It's official - sales are down
The impact on retail of the economic lockdown in April 2020 has been revealed with the Office for National Statistics (ONS) reporting an all-time low in sales.
The ONS recorded its lowest ever retail sales in April – it only began collecting the data in 1988 - for both value and volume, as many stores paused trading as a result of the Coronavirus lockdown on 23 March.
The record fall of 18.1 per cent in April followed the fall of 5.2 per cent in March.
Even food stores were down by 4.1 per cent, although this was mainly due to a fall back from the strong growth of 10.1 per cent in March due to the panic buying sales spike.
In April, 18 per cent of food stores reported having zero turnover, but this was mainly due to the 28.7 per cent of zero returns for specialist food stores. A further 13.6 per cent of alcohol and tobacco stores reported having zero turnover, although the volume of sales for these stores increased by 2.3 per cent – on the back of 23.9 per cent growth in March.
The only other sector to show an increase in volume sales during the month was non-store retailing, reaching record levels of 18 per cent growth in April, as many consumers switched to online shopping; with only 3.5 per cent of online retailers reporting zero turnover.
The majority of fuel stores continued to trade with just 3.3 per cent reporting zero turnover, however movement restrictions meant that fuel sales declined by a record 52 per cent in April.
All stores within the non-food sector had record falls, with clothing stores experiencing the strongest month-on-month decline at 50.2 per cent; following the sharp decline in March of 34.9 per cent.
Of those businesses responding to both the Business Impact of COVID-19 Survey and also the Retail Sales Inquiry, non-food stores - which are department stores, textile, clothing and footwear, household goods and other non-food - were more negatively impacted by the COVID-19 pandemic, reporting larger proportions of decreased turnover in the reporting period.
Food and online retailing, on the other hand, reported the highest proportions of increased turnover.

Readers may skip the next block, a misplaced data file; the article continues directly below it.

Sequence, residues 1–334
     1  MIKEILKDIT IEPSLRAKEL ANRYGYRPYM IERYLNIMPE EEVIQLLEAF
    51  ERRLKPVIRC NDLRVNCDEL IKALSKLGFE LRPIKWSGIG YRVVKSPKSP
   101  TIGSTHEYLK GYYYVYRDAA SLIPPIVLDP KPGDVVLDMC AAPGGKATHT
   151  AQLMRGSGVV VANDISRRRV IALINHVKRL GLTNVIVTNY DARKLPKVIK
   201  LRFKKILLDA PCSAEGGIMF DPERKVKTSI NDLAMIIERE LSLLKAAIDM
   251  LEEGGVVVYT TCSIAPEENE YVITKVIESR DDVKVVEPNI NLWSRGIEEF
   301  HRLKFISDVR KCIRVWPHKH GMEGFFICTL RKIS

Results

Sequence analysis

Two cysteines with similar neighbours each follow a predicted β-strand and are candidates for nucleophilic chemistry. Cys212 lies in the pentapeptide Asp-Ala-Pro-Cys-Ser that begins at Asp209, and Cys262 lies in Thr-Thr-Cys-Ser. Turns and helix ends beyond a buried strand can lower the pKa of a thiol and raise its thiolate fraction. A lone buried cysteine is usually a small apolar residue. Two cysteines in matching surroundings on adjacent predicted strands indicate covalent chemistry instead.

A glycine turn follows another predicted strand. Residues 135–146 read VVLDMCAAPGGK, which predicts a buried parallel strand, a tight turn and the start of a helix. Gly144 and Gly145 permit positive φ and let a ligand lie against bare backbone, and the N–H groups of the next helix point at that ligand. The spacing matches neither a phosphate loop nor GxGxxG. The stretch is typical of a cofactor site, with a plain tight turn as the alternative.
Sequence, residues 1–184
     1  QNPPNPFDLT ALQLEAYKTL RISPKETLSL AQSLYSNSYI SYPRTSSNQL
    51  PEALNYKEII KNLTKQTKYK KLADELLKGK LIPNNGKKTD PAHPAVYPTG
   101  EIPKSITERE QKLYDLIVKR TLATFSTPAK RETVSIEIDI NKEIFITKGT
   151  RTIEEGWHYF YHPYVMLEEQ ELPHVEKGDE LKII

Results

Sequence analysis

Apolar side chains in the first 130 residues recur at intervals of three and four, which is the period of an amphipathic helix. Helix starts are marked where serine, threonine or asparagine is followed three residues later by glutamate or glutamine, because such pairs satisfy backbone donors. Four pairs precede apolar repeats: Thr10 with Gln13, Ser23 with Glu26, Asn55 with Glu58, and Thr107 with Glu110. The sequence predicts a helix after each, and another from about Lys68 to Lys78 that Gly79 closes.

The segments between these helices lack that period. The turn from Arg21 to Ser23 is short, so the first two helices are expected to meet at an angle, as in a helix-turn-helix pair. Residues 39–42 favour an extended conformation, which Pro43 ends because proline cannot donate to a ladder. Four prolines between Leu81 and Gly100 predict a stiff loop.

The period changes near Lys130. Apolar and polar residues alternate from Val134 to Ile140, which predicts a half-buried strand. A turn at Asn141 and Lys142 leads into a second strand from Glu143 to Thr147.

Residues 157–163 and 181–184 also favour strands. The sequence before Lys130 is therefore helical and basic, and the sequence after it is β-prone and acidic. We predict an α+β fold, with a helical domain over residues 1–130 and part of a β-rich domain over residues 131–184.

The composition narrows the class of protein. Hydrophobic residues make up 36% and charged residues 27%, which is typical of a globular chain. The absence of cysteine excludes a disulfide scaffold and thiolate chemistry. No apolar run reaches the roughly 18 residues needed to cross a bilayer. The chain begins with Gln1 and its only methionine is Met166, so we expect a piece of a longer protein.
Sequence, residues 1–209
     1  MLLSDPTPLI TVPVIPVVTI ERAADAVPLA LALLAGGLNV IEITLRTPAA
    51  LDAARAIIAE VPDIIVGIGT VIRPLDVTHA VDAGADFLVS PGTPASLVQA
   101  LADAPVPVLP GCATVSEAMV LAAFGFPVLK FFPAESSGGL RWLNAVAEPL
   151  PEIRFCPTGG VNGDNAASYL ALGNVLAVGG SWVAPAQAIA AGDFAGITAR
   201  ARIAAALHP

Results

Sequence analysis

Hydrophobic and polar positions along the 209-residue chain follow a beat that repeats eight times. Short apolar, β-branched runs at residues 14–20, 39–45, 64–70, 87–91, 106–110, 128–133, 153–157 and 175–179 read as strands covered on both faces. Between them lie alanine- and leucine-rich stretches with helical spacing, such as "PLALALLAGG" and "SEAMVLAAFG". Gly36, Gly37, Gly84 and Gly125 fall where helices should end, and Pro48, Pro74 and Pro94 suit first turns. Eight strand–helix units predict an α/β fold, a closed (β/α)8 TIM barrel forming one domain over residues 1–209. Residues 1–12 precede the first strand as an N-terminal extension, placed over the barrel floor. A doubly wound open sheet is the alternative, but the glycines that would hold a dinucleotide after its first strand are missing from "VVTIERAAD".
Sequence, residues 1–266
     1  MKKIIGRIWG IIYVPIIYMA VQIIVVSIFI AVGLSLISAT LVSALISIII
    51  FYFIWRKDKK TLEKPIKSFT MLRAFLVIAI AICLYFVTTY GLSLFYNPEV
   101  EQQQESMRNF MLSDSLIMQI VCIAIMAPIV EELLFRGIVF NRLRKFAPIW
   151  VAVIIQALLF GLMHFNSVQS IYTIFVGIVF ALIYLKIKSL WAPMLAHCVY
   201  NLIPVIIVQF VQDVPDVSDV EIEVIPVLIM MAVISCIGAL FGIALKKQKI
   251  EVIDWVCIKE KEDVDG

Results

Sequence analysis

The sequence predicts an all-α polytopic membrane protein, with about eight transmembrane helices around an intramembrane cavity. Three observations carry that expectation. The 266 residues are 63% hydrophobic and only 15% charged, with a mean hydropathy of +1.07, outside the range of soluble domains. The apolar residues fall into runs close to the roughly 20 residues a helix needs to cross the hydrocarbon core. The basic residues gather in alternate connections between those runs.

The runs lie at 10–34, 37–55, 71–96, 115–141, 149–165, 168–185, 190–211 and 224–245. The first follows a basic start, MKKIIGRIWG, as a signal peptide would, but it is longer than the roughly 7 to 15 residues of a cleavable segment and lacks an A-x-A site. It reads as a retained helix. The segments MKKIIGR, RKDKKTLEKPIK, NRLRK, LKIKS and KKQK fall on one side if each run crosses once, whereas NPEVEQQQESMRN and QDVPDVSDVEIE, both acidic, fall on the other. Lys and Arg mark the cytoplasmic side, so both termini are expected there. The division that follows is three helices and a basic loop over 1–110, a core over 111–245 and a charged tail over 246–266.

Online sales as a proportion of all retailing reached a record high of 30.7 per cent in April, exceeding the original record of 22.4 per cent recorded the previous month. All sectors reached their highest-recorded proportions except non-store retailing, which reached record proportions in February and March, both at 83.2 per cent.
There was a larger uptake of online spending for food as its proportion of online spending increased from 5.7 per cent to 9.3 per cent.
Clothing stores continued to decline on the month reporting a monthly growth rate of negative 14.5 per cent, following a fall of negative 16.1 per cent in March. However, clothing stores still reached a record proportion of online sales at 46.4 per cent, when compared with 26.6 per cent in March.
“While we see record declines in total retail sales, there was a high percentage of stores that shifted to completely online sales,” stated the ONS. “With the temporary closure of their stores the shift to online has resulted in record proportions of online spending for all stores – online-only retailers, who were already operating online, were the only exception to this.”
Textiles, clothing and footwear showed the largest proportion of businesses focused on completely online-only trading at 41 per cent.
Kyle Monk, head of retail insight and analytics at the British Retail Consortium, commented: “Retailers urgently need clarity on the reopening of shops in June - shops need time to prepare and the certainty to do so, before they spend millions on necessary safety and social distancing measures.
"By getting more of retail up and running, not only can customers get all the products they need, but the industry can play its part in protecting jobs and kick starting the economy.”